Why LeapFrog Shares Stumbled
Although we don't believe in timing the market or panicking over market movements, we do like to keep an eye on big changes -- just in case they're material to our investing thesis.
What: Investors were passing over shares of LeapFrog Enterprises (NYS: LF) today, sending the stock down 15% after the educational products maker reported second-quarter earnings.
So what: The company actually beat revenue and earnings estimates, and raised guidance, so it was a little odd to see shares heading downward. LeapFrog is a seasonal business that takes in a vast majority of its sales in the second half of the year so its second-quarter results were widely ignored. Analysts seemed to be concerned that the company may not be ready for any unexpected demand in the second half. Inventory levels are down about 16% from where they were last year, and management expressed caution about the slowdown in the economy.
Now what: LeapFrog stock had also climbed about 300% over the year before the recent decline, and had gained 10% in just the week before so the good news may have already been priced in, and some had argued it was ready for a pullback. The company had struggled through most of the last decade, but has finally returned to profitability. Expected top-line growth won't be enough support the share price appreciation we've seen though. Management's guiding for 13%-15% sales growth this year while Wall Street sees just a 7% increase in 2013. For now, it looks as though the stock will no longer be playing leapfrog with the broad market.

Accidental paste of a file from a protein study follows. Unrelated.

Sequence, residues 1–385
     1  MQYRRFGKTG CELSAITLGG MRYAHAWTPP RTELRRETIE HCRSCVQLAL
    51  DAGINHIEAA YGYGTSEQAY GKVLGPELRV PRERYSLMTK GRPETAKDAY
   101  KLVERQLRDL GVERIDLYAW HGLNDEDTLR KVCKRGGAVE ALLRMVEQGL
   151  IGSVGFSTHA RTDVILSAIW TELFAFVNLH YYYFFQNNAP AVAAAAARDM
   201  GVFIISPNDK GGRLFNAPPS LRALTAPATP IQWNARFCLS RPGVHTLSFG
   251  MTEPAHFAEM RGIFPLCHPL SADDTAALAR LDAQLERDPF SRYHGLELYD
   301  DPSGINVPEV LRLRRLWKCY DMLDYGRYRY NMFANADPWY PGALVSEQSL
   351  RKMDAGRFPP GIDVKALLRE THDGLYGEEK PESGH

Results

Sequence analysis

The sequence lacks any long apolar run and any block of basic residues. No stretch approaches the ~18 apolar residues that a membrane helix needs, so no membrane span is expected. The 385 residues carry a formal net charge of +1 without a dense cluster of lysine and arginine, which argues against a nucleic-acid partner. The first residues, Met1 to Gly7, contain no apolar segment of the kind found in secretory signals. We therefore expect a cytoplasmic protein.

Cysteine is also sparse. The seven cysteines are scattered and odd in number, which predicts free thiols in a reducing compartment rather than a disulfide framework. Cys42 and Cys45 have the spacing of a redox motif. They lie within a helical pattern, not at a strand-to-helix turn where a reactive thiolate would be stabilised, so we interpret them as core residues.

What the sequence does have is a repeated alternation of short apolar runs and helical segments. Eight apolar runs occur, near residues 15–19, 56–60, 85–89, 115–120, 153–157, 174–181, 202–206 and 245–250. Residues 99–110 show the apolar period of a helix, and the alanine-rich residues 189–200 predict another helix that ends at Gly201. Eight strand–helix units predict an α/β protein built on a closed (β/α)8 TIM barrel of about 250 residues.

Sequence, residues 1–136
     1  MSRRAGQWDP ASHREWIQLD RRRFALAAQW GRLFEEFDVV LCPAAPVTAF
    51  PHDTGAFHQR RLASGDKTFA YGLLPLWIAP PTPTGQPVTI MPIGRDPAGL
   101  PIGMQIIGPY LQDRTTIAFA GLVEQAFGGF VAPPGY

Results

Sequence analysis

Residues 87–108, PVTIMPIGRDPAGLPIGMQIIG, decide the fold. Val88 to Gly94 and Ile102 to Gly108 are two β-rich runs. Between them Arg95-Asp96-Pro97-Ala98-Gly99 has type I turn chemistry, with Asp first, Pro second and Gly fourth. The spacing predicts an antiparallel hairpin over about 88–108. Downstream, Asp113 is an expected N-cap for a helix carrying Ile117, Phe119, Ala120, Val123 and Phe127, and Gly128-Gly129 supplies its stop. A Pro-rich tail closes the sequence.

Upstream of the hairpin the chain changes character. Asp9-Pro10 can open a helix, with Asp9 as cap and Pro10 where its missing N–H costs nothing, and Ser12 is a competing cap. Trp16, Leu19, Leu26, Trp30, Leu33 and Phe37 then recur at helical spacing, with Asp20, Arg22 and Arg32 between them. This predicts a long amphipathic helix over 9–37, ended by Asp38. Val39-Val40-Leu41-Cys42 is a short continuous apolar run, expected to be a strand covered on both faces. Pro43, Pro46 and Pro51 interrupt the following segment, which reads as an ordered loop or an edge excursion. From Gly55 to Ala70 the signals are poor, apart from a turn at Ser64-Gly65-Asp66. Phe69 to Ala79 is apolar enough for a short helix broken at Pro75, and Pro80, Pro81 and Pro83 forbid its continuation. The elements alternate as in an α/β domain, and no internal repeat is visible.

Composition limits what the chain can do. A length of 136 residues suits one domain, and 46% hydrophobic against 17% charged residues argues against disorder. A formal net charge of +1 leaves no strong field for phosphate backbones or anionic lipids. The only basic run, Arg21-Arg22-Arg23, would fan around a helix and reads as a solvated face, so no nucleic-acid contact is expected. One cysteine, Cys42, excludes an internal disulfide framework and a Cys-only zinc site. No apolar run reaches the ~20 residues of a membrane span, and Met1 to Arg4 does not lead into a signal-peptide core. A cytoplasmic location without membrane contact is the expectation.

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The article Why LeapFrog Shares Stumbled originally appeared on Fool.com.Fool contributor Jeremy Bowman holds no positions in the companies in this article. Motley Fool newsletter services have recommended buying shares of LeapFrog Enterprises. The Motley Fool has a disclosure policy. We Fools may not all hold the same opinions, but we all believe that considering a diverse range of insights makes us better investors. Try any of our Foolish newsletter services free for 30 days.
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